The pectoral tendon attaches the pec major muscle to your humerus or arm bone. The pec major is a very powerful muscle. Pectoral tendons are usually ruptured or torn in weight lifters during bench pressing. A torn pectoral tendon is usually an easy diagnosis to make. Your story usually goes something like this….
You were bench pressing, you heard a series of pops and the bar came back down to your chest rapidly. If that sounds familiar, you have likely torn a pectoral tendon or have pectoralis major rupture. Over the next few days, you will notice heavy bruising and swelling. As the swelling starts to subside, you will see a deformity of your pectoralis major. If you tighten your chest muscles you will see the pec ball up over your chest. A torn pectoral should be repaired (if it is repairable) as soon as possible. If you suspect a pec tendon injury you should see a shoulder doc sooner rather than later.
A torn pectoral tendon tends to occur in “younger” active weight lifters. However, because 50 somethings are lifting more often and more weight we are seeing pec tears in this age group as well. This is an injury we usually see rapidly in our clinic since the injury is quite striking, the deformity is easy to notice and the story you give is always consistent. There is usually significant bruising present and there is usually an obvious deformity noted as your pec major bunches up in your chest.
The pectoralis major is a large muscle connecting from your sternum (chest) and clavicle to your humerus or upper arm bone. The pec major has two large subdivisions, the sternal head, and the clavicular head. Injuries to the pec major can involve just the deeper sternal head (partial rupture), or both heads (complete rupture).
Types Of Torn Pectoral Tendons?
Tears of the pectoralis major can be partial (just one head) or complete.
In type 1 torn pectoral, the tendon of the pectoralis major tears directly off of the humerus – the easiest to fix.
In type 2 torn pectoral the tear occurred where the muscle starts transitioning into a tendon – the muscle-tendon junction- harder to fix, but still possible.
In type 3 pec ruptures, the tear is completely within the muscle itself. May not be repairable.
In type 4 pec ruptures, the muscle tears off of the sternum.
A Type 1 or Type 2 pec tear is far more common than type 3 or 4.
How Do You Treat A Torn Pectoral Tendon?
Most pec major tendon ruptures occur in very active people. Without surgery, pectoralis major tears will cause weakness and an obvious deformity. Because of that, most people with a pec tear will choose to have them repaired. The pec major is not an absolutely essential muscle, and many of these pec tears are partial tears, so if the loss of strength and the deformity do not bother you then you can be treated without surgery.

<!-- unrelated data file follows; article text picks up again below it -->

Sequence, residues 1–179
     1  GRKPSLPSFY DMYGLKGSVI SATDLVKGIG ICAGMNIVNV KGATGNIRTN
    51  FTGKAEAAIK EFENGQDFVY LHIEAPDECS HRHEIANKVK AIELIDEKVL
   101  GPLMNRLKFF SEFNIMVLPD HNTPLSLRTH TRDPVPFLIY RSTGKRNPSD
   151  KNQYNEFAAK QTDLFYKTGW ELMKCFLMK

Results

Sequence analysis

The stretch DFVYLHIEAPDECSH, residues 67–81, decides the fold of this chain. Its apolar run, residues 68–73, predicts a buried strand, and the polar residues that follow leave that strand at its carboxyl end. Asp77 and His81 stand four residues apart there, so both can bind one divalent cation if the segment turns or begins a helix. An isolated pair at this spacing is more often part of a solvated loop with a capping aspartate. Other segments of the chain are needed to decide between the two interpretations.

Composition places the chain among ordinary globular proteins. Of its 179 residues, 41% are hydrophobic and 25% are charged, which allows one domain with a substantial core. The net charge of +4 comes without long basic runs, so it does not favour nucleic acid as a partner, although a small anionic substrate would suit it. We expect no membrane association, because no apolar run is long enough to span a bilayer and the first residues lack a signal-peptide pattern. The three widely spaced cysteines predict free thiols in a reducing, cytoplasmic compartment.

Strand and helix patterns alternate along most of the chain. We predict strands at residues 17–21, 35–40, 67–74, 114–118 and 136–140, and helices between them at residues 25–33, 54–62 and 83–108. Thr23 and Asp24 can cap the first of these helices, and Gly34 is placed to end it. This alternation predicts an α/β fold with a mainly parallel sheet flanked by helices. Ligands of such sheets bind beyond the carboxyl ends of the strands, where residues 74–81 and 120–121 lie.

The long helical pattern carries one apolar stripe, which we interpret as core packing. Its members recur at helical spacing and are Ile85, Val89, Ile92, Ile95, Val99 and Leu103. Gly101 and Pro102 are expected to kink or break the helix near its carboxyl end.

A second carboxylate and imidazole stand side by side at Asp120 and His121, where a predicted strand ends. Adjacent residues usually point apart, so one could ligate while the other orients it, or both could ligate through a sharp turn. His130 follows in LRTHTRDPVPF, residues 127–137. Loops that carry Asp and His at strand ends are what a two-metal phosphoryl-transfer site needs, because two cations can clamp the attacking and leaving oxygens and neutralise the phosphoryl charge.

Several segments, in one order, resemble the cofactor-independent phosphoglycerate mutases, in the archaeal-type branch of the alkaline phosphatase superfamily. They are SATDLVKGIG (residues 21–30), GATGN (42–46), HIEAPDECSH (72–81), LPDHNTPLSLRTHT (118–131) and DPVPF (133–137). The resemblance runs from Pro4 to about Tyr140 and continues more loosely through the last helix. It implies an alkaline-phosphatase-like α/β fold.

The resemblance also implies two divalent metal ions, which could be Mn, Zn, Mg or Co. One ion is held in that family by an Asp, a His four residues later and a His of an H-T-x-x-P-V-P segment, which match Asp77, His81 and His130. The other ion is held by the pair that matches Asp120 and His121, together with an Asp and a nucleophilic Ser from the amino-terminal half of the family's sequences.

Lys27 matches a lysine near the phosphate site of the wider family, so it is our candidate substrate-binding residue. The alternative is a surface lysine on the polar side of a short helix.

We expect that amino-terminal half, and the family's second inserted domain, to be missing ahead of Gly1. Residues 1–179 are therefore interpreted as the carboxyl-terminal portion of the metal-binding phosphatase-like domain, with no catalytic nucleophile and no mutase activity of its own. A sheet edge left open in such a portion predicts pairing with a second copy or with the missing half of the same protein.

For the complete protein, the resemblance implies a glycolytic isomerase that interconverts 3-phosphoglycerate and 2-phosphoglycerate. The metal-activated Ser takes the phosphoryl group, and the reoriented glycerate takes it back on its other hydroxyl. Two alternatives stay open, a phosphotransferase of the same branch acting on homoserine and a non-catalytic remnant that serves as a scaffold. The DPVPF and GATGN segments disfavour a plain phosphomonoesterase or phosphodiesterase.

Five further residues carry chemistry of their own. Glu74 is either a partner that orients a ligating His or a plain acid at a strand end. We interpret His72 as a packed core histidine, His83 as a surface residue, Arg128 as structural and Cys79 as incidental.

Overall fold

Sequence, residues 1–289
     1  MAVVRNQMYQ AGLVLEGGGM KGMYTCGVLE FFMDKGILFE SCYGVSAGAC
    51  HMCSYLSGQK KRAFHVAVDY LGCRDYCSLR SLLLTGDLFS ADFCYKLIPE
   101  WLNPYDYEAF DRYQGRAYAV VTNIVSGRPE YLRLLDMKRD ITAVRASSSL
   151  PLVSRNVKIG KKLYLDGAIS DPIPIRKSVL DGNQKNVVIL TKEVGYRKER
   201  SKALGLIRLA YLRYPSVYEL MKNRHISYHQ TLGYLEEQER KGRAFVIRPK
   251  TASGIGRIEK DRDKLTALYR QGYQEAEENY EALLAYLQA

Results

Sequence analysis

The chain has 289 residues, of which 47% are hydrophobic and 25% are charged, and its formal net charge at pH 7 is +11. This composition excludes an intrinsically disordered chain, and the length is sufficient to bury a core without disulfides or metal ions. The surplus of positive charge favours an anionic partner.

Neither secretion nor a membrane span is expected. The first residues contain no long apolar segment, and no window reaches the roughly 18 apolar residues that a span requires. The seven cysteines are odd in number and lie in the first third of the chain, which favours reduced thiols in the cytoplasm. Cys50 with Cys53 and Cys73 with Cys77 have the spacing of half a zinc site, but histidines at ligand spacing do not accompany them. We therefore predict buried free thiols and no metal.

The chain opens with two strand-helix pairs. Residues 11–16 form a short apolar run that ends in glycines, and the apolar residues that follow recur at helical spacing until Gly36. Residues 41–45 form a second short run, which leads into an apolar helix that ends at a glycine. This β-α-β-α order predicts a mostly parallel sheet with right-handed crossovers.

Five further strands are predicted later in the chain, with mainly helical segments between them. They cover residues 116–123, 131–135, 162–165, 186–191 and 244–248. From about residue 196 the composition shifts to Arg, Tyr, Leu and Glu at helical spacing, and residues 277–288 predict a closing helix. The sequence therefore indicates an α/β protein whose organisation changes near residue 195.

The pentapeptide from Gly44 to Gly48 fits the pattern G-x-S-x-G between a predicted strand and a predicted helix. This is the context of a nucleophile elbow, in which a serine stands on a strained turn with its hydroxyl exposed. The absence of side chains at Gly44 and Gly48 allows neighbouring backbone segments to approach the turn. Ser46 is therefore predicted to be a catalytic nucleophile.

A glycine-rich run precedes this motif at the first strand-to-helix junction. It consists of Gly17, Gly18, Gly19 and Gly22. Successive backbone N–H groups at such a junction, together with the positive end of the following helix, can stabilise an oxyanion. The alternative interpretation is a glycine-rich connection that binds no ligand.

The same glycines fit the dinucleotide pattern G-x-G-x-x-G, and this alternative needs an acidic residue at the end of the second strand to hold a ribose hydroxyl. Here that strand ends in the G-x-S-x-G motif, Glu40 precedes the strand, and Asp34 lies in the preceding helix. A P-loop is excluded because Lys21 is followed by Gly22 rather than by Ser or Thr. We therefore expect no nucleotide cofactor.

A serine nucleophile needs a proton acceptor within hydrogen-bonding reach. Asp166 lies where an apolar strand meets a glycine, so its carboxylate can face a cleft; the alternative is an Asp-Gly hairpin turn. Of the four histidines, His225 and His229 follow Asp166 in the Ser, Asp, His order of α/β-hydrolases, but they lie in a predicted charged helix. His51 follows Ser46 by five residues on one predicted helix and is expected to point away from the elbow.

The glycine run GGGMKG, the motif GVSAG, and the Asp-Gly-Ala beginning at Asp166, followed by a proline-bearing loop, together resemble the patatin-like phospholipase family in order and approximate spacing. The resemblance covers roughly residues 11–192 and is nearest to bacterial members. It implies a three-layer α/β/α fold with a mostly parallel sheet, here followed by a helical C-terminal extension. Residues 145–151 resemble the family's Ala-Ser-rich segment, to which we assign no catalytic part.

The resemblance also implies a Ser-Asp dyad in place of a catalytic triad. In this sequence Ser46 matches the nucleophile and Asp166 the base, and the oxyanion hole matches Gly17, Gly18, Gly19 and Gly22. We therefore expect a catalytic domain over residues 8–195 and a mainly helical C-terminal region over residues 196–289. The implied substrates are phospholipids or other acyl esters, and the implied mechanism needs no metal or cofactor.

How Do You Repair A Torn Pectoral Tendon?
If you choose to have surgery to repair your pec tendon tear then you should understand the following principles.
Type 1 tears where the tendon ripped off the bone are the most straightforward to repair. The surgery is open, and the incision is placed in your axilla. During the surgery, we will use a suture anchor device to place sutures into the bone and then we will use those sutures to repair the tendon back to the bone. You will be in a sling for a while and then start strengthening exercises after enough healing has occurred.
Type 2 tears are more difficult. These tears occur at the “muscle-tendon” junction of the pec major. Muscle tendon junction tears can be very difficult to fix because you can not sew or repair muscle. Often times we wait a little while for some early repair scar tissue to form on the pec muscle which will make the repair easier. Sometimes we might need to augment or strengthen the repair with a cadaver tendon.
Type 3 tears are purely within the muscle. They are very rare and very hard to repair. We must wait a few weeks for scar tissue to form so we have something we can attempt to repair.
Most all tears are Type 1 or 2, so most tears are repairable. The results of surgery are generally good, and most of you will be pleased with the appearance of the pectoralis and your performance in the gym after you have recovered.
How Long Does Is Recovery From A Torn Pectoral Tendon?
Pectoralis tears generally heal very well. It can take at least 6 months until you are back in the gym and back to your normal routine. It can take a year or more until you have normal strength, although that might occur earlier in many of you.
What Are The Risks Of A Pec Tendon Repair?
No surgery is without risk. The risks include the risks of anesthesia, infection, weakness, stiffness, a recurrent pectoral rupture, an abnormal appearance, nerve or blood vessel injuries.
The overall risks of surgery are very low. Below is a video detailing how a pectoral tendon tear is repaired.
Disclaimer: this information is for your education and should not be considered medical advice regarding diagnosis or treatment recommendations. Some links on this page may be affiliate links. Read the full disclaimer.